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Making Europe's cities sustainable

Posted by Nick Prag at 28 November 2013, 15:40 CET |
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Cities the world over are grappling with the same challenges - how to continue to grow as hubs of economic activity and innovation, and, at the same time, to become cleaner and healthier to live in, while using less energy.

At a time of shortages in public funds for infrastructure renewal, the need for more sustainable urban management policies and programs has never been more urgent.

Governments and businesses in partnership are looking at ways to tackle issues of energy and water supply, transportation, waste management, and sustainable infrastructure.

At a conference this week hosted by the European Commission, transport operators, telecoms companies, vehicle manufacturers, city planners, energy companies and researchers gathered together in one room to discuss initiatives outlined in the EU's "Smart Cities Strategic Implementation Plan" and how they might put them into practice.

The Commission also announced that it plans to launch an 'Invitation for Smart City and Community Commitments' in the  spring of 2014 to mobilise work on the action plan's priorities.

So what exactly is a Smart City?  A city’s most important responsibilities are the built environment, energy, telecommunications, transport, water and waste water, health and human services, public safety, and payments.

The Smart City uses modern, integrated technology services and infrastructure in energy, transport and ICT to respond to the social and economic needs of society.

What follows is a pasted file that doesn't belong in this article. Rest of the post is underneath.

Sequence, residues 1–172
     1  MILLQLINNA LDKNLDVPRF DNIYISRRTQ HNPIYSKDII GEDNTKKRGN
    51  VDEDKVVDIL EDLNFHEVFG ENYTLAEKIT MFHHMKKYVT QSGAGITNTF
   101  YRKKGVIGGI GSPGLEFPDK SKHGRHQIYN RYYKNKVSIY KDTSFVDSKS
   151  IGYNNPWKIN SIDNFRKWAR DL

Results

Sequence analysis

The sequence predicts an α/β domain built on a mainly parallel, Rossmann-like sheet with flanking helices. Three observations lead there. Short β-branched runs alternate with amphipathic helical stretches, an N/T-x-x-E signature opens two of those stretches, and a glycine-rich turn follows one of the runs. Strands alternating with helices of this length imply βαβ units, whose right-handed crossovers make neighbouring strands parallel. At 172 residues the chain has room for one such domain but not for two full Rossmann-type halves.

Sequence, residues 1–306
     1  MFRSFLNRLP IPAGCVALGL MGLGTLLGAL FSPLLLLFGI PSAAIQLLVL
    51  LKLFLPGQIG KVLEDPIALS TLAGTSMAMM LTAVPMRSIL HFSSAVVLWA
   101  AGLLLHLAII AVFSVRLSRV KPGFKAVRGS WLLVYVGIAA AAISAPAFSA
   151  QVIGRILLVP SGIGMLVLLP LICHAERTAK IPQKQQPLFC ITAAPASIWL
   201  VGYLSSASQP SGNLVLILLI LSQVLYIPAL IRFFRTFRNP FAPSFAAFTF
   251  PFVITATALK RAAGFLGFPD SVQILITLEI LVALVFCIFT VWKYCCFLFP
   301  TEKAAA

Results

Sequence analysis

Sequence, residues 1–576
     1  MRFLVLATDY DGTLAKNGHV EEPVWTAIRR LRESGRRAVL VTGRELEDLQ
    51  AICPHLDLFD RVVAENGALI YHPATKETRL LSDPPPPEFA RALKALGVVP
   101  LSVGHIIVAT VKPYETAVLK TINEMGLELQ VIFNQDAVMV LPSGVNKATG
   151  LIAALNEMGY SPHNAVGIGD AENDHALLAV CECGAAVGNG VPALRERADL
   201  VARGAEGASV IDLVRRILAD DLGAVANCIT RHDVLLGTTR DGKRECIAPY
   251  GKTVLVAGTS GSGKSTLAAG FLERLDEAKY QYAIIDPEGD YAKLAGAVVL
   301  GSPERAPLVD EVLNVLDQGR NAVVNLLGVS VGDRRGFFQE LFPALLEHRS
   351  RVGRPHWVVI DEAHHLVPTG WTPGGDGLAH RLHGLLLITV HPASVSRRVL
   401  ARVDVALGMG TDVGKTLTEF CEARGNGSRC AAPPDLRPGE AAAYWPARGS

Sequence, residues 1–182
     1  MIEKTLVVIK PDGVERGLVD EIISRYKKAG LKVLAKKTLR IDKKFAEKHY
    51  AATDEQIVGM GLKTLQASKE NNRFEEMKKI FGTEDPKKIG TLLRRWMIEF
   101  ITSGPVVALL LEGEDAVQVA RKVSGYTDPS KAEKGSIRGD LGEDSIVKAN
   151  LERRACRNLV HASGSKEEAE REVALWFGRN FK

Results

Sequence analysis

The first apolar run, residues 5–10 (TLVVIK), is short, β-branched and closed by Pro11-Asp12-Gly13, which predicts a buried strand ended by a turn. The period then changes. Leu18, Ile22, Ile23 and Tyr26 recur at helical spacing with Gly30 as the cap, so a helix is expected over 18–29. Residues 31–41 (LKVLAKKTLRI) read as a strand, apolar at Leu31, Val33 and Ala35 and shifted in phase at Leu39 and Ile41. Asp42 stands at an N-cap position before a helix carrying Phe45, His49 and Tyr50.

Making cities smarter could have a significant impact on the way we live. Solutions would, for example, invest in 'zero/plus' energy districts, increase the use of alternative energies for cleaner transport, efficient transport logistics to reduce the negative impacts of congestion, and green, widely available ICTs and integrated infrastructures.

The Commission says it intends to make available around EUR 200 million for Smart Cities and communities in the 2014-2015 budgets of the Horizon 2020 research and innovation programme, to accelerate progress and enlarge the scale of roll-out of smart cities solutions. There will also be possibilities to access the European Structural and Investment Funds.

It is not only Europe that it trying to make the running in this area. GLOBE 2014, a conference in March next year in Vancouver, Canada will address these very same problems.

Cities which come up with the most innovative and sustainable solutions are likely to be the ones which can look forward to the best economic growth.

The main challenge for Europe now is, as is often the case, to move from plan to action.

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Nick Prag

Nick Prag

Nick Prag is founder and managing editor of Prior to EUbusiness, he was senior editor at Europe Online SA in Luxembourg, where he played a major part in the launch of Europe Online International.